February 19, 2009
Dubai has spent the past decade or so doing everything it can think of in order to raise its profile. In the past week, however, two separate international events have been completely overshadowed by controversies. I wouldn't be surprised if the city's leaders spent a few days pining for the good old days of security through obscurity.
First, Israeli tennis player Shahar Pe'er was denied a UAE visa at the last possible moment, and could not take part in a prestigious WTA tournament in Dubai. The move was widely condemned by players and officials, but the tournament could not be canceled with just one day's notice. A tournament official claimed her presence could lead to security problems, but that didn't stop the Wall Street Journal from yanking its sponsorship or the Tennis Channel from deciding not to broadcast the event. The governing body for women's tennis threatened to drop Dubai from future tours. It now looks as though Israelis will be allowed in for the men's tournament next week, but only after an American Congressman made some phone calls, and said as much to the press. So the UAE essentially put itself into a position from which it had to choose between publicly giving in to international pressure and losing the ability to host sporting events in the future. Qatar has played this game far more skilfully, establishing low-level links with Israel, while feeling free to criticize it as necessary.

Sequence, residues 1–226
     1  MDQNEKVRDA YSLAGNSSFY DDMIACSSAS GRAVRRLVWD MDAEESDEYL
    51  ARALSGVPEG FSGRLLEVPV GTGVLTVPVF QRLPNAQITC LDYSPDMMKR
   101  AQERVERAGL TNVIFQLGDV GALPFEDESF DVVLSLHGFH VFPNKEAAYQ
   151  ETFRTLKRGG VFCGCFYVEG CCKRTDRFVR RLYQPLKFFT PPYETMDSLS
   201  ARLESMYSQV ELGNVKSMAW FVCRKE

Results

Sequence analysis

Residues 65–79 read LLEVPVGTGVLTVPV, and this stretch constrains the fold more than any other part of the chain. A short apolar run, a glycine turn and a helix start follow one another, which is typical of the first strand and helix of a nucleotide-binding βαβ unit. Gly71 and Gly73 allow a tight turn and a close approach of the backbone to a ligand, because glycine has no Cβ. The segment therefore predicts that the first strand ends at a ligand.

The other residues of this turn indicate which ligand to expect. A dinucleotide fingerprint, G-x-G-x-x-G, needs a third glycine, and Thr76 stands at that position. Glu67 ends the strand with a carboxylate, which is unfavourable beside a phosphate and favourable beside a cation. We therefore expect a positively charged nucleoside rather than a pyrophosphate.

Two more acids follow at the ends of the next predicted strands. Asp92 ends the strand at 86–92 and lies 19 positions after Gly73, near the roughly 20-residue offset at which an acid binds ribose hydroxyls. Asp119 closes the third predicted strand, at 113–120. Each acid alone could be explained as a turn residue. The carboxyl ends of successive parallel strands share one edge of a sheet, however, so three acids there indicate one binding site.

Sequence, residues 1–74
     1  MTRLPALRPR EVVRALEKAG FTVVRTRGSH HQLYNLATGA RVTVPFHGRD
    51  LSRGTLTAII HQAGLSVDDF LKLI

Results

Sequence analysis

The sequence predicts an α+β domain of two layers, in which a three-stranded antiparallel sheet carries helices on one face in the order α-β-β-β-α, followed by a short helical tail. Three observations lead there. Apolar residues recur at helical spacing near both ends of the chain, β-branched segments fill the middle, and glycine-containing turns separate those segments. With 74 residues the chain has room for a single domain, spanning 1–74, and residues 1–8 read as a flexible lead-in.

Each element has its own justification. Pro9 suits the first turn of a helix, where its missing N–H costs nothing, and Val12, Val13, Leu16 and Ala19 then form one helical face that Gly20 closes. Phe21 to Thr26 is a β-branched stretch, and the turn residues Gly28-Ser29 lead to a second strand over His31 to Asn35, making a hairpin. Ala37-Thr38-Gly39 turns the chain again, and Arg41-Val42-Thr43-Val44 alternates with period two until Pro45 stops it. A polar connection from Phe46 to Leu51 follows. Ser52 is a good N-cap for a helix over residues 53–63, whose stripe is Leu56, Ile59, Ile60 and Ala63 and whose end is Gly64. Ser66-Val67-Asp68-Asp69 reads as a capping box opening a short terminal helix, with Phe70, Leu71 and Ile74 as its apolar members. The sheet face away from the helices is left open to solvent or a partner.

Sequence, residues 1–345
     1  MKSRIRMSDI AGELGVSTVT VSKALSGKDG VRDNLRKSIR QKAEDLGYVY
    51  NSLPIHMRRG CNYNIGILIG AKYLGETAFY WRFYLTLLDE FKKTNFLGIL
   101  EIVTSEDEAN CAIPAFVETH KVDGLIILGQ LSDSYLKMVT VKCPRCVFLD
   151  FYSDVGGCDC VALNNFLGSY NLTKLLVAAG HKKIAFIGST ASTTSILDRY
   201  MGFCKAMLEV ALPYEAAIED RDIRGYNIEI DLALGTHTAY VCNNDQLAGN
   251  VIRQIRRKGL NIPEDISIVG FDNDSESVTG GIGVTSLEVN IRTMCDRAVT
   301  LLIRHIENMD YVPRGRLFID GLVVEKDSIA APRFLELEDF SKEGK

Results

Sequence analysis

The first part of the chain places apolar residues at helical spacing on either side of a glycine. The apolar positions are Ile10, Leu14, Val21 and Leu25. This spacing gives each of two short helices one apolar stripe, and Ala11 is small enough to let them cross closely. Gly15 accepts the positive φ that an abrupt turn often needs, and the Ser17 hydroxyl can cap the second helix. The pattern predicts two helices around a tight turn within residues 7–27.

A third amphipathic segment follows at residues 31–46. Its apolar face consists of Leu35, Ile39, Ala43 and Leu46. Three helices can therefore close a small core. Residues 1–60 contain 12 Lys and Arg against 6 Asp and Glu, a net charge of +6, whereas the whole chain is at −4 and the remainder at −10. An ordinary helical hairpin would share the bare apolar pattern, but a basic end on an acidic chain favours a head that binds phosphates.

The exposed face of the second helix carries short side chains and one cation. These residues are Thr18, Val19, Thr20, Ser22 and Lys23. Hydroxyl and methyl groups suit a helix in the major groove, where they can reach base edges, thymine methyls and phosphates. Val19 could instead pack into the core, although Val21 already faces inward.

As if that weren't enough drama for one week, the organizers of a literary festival decided to rescind their invitation to British author Geraldine Bedell. As Brian Whitaker explains, they probably weren't thrilled when they found out she had written about a gay sheikh in a fictional Gulf state. After all, the government does not officially acknowledge that any of its citizens might be homosexual, leave alone members of the royal family. Canadian author Margaret Atwood has pulled out in protest, and others are considering the same.
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I admit I was a little afraid of what the hyperlinked text "pulled out" might lead to in the context of sexual behavior issues, but it was an interesting read.
Posted by: matthew hogan at February 20, 2009 09:03 AM
apparently, Atwood now regrets cancelling going, and there are apparently nuances to the whole book business: http://www.guardian.co.uk/books/2009/feb/21/margaret-atwood-gulf-literary-festival
Posted by: dawud at February 21, 2009 11:14 AM